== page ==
Laws punishing public intoxication vary widely among states. This article discusses Iowa's public intoxication penalties, alternatives to arrest, and defenses.
Yes, in Iowa, it is illegal to consume alcohol or be intoxicated in a public place (except on premises covered by a retail alcohol license), on public streets or highways, or on school property. An intoxicated person has the right to take a chemical test (such as a breathalyzer or blood test) at his own expense within two hours of being arrested. (Iowa Code § 123.46 (2022).)
In lieu of arrest, a police officer may offer to take a person suffering from a substance-related disorder to an appropriate facility for emergency treatment. The officer will not arrest the person for public intoxication if the person accepts help (unless the person has committed other offenses). The officer may arrest an intoxicated person who refuses help.
When a person suffering from a substance-related disorder is likely to cause harm to oneself or others, a police officer may, without a warrant, take that person into protective custody for up to one day, until the person to can be checked into an appropriate treatment facility. This is also known as "emergency detention," and can lead to release once the person "sobers up," or enters a treatment facility, at the magistrate's discretion.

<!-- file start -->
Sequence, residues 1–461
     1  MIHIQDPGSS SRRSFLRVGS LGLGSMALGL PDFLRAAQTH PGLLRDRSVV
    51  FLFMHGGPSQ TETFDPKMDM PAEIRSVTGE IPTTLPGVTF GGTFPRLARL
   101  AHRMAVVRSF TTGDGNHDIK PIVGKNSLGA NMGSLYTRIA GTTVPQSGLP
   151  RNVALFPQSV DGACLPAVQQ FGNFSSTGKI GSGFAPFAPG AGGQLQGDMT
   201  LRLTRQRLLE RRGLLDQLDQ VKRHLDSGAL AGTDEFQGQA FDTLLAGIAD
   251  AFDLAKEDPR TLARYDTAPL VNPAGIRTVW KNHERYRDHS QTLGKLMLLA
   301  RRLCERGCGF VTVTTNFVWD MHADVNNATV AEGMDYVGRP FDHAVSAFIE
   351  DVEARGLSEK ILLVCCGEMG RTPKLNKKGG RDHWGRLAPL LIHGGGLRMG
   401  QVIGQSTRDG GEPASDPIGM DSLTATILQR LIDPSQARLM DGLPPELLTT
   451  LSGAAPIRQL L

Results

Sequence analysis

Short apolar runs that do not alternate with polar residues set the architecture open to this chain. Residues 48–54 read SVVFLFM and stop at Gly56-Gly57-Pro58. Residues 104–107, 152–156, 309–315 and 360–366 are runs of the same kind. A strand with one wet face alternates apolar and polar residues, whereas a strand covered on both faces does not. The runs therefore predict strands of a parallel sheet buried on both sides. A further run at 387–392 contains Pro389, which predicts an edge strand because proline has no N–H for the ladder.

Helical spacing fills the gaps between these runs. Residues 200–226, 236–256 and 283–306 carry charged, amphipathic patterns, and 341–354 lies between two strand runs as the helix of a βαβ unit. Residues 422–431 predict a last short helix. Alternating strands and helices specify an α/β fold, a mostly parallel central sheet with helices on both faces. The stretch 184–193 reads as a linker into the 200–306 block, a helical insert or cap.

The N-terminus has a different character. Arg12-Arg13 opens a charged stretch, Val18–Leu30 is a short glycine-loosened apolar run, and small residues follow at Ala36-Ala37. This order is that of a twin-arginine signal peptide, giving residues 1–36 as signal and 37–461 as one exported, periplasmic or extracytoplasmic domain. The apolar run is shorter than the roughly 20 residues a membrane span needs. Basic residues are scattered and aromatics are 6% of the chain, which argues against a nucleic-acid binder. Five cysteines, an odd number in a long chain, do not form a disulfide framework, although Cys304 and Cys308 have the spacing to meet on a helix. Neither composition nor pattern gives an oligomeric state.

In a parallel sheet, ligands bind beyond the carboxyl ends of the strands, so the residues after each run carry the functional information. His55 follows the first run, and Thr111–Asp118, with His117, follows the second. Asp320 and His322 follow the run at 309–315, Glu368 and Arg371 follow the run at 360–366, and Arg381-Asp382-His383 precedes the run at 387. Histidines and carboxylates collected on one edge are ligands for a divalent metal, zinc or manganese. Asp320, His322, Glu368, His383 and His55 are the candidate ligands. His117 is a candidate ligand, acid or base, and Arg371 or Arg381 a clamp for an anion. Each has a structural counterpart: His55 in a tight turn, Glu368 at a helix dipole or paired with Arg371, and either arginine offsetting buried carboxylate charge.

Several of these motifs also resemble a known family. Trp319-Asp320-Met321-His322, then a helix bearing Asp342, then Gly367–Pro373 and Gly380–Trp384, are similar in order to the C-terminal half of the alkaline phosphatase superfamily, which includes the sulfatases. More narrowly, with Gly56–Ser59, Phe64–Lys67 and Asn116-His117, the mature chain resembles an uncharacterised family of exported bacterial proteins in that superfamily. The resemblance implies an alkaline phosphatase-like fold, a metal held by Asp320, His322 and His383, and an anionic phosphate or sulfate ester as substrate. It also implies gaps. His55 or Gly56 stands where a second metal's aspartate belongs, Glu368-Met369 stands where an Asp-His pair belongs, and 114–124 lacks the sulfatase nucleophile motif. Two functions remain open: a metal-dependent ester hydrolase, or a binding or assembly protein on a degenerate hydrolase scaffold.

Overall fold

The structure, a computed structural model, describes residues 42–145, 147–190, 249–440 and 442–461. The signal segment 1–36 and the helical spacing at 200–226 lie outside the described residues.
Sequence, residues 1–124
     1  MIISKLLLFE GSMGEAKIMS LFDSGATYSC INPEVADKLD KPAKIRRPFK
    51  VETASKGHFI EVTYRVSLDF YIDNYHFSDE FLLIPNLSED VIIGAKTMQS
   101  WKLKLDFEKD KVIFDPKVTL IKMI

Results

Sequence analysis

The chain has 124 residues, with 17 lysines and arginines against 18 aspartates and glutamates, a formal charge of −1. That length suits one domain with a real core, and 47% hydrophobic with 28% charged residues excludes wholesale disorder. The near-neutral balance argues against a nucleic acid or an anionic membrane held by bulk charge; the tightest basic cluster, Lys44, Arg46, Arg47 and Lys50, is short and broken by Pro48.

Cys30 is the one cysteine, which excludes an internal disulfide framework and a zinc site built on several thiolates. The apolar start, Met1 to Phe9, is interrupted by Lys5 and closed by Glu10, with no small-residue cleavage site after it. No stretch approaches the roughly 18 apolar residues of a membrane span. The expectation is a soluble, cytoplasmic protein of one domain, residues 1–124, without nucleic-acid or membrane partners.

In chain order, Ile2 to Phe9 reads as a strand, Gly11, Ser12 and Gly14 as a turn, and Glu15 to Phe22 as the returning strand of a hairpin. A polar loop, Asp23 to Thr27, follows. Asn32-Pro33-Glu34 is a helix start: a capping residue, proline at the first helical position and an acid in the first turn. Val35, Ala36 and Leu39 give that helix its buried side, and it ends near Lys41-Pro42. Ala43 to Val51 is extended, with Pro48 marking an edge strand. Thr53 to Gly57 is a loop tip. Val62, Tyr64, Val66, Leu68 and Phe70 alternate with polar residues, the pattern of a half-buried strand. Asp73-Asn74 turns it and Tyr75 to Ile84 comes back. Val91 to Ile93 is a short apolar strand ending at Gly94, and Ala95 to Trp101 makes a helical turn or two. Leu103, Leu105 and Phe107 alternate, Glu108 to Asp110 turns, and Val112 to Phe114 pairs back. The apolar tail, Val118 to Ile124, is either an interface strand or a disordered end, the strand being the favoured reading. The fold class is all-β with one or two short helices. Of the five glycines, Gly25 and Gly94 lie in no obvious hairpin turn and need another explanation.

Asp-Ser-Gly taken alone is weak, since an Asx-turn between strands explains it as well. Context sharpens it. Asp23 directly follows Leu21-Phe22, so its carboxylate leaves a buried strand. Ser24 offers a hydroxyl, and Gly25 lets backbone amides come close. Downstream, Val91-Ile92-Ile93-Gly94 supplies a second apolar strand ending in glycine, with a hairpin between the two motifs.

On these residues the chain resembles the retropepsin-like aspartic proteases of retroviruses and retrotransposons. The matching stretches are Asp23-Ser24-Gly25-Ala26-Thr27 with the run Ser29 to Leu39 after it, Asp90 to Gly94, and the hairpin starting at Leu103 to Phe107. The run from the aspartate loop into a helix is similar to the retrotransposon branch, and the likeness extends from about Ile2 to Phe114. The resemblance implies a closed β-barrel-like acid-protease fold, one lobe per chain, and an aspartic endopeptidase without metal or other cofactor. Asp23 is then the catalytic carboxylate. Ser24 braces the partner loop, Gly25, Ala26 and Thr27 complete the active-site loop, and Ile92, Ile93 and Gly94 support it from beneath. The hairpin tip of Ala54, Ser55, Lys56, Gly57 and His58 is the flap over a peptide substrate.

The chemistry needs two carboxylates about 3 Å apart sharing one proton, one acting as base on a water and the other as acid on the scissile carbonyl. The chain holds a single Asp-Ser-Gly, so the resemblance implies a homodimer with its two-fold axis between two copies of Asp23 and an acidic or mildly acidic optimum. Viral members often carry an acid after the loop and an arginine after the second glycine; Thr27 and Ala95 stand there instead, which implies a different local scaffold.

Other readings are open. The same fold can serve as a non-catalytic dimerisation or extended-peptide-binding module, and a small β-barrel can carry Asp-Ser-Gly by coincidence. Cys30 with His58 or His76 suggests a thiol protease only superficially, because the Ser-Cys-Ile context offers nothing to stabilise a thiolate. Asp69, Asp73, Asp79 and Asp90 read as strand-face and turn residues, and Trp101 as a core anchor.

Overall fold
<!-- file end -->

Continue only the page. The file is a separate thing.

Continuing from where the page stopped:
(Iowa Code §§ 123.46, 125.34, 125.91 (2022).)
An underage person (younger than 21) cannot be charged or prosecuted for public intoxication (or underage drinking) if they were in good faith seeking emergency help for alcohol poisoning. The person experiencing the overdose and the one reporting the overdose are both protected by this section. Reporters must remain on the scene and cooperate with police to receive immunity under this section. (Iowa Code § 701.12 (2022).)
If you are charged with violating a public intoxication law, even if the consequences are relatively mild, consider consulting with a criminal defense attorney who is familiar with how these cases are handled in your area. An experienced attorney can help you understand the charges against you, explain your options, discuss possible defenses you may raise, and protect your rights.